The end of Government is the good of Mankind, and which is best for Mankind, that the People should be always expos’d to the boundless will of Tyranny, or that the Rulers should be sometimes liable to be oppos’d, when they grow exorbitant in the use of their Power, and imploy it for the destruction, and not the preservation of the Properties of their people?

And I’ll conclude with the words of Thomas Jefferson, who, in a letter to William S. Smith, written in 1787, asked “What country can preserve its liberties if their rulers are not warned from time to time that their people preserve the spirit of resistance?” (Jefferson & Peterson, 1984, punctuation changed to reflect modern conventions). According to every philosophical foundation on which this country is based, resistance to and rebellion against the police state is justified and warranted. To the furthest extent possible, I hope that this movement against tyranny will be peaceful and safe for all those involved.

Works Cited and Referenced

5–100 Code of Conduct. (n.d.). Retrieved June 3, 2020, from

Americans’ Views on Trump, Religion and Politics. (2020, March 12). Pew Research Center’s Religion & Public Life Project.

As Trump Calls Protesters ‘Terrorists,’ Tear Gas Clears a Path for His Walk to a Church. (n.d.). Retrieved June 3, 2020, from

Bivins, J. (2018). Thinking about Religion and Violence.

Castle Rock v Gonzales (2005). (n.d.). Retrieved June 3, 2020, from

Clarke, J. M. B., Colin P. (2020, June 1). Why Trump Can’t Designate Antifa as a Terrorist Organization. Slate Magazine.

Communities Still Reeling After 2 Deadly Attacks On Worshippers. (2019, December 30).

Fair Sentencing Act. (n.d.). American Civil Liberties Union. Retrieved June 3, 2020, from

Greenhouse, L. (2005, June 28). Justices Rule Police Do Not Have a Constitutional Duty to Protect Someone.

Hamilton, A., Madison, J., & Jay, J. (Eds.). (2014). The Federalist papers. Dover Publications, Inc.

Harari, Y. N. (2015). Sapiens: A brief history of humankind (First U.S. edition). Harper.

Hill, E., Tiefenthäler, A., Triebert, C., Jordan, D., Willis, H., & Stein, R. (2020, May 31). 8 Minutes and 46 Seconds: How George Floyd Was Killed in Police Custody. The New York Times.

Hobbes, T. (1996). Hobbes: Leviathan: Revised student edition (R. Tuck, Ed.; 2nd Revised ed. edition). Cambridge University Press.

Jefferson, T., & Peterson, M. D. (1984). Writings. Literary Classics of the U.S. : Distributed to the trade in the U.S. and Canada by the Viking Press.

Judis, J. B. (2018). The nationalist revival: Trade, immigration, and the revolt against globalization. Columbia Global Reports.

Killing of George Floyd. (2020). In Wikipedia.

Leonhardt, D., & Philbrick, I. P. (2018, January 15). Opinion | Donald Trump’s Racism: The Definitive List, Updated.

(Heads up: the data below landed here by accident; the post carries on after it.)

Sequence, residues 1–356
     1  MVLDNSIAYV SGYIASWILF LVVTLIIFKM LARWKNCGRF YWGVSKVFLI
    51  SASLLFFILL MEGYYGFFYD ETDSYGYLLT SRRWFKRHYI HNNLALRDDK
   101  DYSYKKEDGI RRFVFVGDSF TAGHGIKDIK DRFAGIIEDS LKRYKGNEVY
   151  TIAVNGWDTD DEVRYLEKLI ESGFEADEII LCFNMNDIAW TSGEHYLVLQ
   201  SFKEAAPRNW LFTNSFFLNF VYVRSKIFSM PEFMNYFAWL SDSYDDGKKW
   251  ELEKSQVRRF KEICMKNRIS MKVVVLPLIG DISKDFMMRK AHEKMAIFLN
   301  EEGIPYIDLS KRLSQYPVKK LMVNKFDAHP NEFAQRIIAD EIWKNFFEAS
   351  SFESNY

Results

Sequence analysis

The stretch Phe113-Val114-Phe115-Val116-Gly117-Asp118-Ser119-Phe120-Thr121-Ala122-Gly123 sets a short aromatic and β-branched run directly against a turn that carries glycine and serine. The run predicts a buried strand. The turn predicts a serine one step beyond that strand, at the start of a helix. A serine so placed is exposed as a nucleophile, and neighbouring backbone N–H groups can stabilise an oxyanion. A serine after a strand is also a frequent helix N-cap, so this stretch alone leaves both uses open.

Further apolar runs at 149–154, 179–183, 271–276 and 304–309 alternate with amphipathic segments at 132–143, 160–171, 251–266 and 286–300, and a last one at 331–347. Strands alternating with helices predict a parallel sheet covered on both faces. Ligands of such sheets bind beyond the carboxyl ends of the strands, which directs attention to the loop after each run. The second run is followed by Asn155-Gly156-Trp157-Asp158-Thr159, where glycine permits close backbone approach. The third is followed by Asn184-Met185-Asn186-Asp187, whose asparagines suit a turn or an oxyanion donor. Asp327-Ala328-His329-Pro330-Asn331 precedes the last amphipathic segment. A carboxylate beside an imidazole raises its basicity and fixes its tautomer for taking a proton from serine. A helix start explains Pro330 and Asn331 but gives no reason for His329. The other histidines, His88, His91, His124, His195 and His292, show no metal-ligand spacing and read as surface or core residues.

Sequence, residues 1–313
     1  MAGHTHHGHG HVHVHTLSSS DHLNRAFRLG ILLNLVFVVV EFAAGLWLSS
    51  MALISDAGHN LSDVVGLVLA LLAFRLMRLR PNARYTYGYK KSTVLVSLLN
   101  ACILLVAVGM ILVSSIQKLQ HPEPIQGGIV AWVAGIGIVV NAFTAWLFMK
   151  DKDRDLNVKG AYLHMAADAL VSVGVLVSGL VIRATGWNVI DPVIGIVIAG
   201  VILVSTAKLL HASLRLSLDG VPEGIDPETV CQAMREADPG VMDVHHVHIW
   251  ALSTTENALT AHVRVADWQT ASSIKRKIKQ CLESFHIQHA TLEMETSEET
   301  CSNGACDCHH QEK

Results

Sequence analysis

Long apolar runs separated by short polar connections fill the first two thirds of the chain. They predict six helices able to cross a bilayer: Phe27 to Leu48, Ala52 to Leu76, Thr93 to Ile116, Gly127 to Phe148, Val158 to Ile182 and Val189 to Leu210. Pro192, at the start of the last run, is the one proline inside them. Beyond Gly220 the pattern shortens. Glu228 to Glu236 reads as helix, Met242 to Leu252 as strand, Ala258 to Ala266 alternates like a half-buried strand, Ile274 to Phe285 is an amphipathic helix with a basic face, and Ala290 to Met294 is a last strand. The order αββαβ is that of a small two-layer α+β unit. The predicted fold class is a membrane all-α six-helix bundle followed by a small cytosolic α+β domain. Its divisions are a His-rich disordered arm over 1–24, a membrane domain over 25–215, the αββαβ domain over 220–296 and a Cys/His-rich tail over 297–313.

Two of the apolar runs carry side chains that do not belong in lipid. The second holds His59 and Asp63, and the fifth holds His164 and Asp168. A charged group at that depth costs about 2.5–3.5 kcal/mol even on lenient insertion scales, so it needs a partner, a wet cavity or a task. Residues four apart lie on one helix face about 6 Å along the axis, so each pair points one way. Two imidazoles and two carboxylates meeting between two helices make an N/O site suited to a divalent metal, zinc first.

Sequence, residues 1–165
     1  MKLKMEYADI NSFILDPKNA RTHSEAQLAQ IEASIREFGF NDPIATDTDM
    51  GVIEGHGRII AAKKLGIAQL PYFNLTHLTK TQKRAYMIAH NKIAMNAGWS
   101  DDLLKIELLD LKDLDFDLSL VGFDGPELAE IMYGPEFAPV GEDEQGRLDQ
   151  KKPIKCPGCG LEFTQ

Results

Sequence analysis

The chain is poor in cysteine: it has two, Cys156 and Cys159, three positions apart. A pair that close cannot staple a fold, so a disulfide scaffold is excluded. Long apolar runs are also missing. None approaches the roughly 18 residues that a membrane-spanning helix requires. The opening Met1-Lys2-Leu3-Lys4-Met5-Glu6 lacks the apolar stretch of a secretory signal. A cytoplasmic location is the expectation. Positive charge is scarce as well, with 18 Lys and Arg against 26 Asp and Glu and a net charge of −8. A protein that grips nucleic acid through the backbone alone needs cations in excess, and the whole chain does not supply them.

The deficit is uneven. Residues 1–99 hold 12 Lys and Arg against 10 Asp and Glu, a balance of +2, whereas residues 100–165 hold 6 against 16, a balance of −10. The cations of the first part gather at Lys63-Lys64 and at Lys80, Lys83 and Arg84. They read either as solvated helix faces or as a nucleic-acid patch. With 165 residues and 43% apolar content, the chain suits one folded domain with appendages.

Lloyd, S. A., & Sreedhar, S. (2019). Hobbes’s Moral and Political Philosophy. In E. N. Zalta (Ed.), The Stanford Encyclopedia of Philosophy (Spring 2019). Metaphysics Research Lab, Stanford University.

LoBianco, T. (2016, March 24). Report: Nixon’s war on drugs targeted black people. CNN.

Locke, J., & Laslett, P. (1988). Two treatises of government (Student ed). Cambridge University Press.

Mapping Police Violence. (n.d.). Mapping Police Violence. Retrieved June 3, 2020, from

Martin, M. (2018, December 9). Slave Bible From The 1800s Omitted Key Passages That Could Incite Rebellion. NPR.Org.

Monopoly on violence. (2020). In Wikipedia.

Nguyen, T. (2020, June 2). How ‘antifa’ became a Trump catch-all. POLITICO.

O’Neil, L. (2020, June 2). What do we know about Trump’s love for the Bible? The Guardian.

Parker, C. S., & Barreto, M. A. (2014). Change They Can’t Believe In: The Tea Party and Reactionary Politics in America — Updated Edition (Revised edition). Princeton University Press.

Rogers, K. (2020, June 1). Protesters Dispersed With Tear Gas So Trump Could Pose at Church. The New York Times.

Schaffner, B. F., Macwilliams, M., & Nteta, T. (2018). Understanding White Polarization in the 2016 Vote for President: The Sobering Role of Racism and Sexism. Political Science Quarterly, 133(1), 9–34.

Serwer, A. (2018, October 3). The Cruelty Is the Point. The Atlantic.

Survey: White Evangelicals See Trump As “Honest” And “Morally Upstanding.” (2020, March 12). NPR.Org.

The death of George Floyd: What video shows about his final minutes. (n.d.). Retrieved June 3, 2020, from

The last 30 minutes of George Floyd’s life. (2020, May 30). BBC News.

Warren v. District of Columbia, 444 A. 2d 1 (Court of Appeals 1981).

Warren v. District of Columbia. (2020). In Wikipedia.

Weber, M. (2004). The Vocation Lectures (D. Owen & T. B. Strong, Eds.; R. Livingstone, Trans.; 2/14/04 edition). Hackett Publishing Company, Inc.

Zinn, H., & Arnove, A. (2015). A people’s history of the United States (Thirty-fifth anniversary edition). HarperPerennial.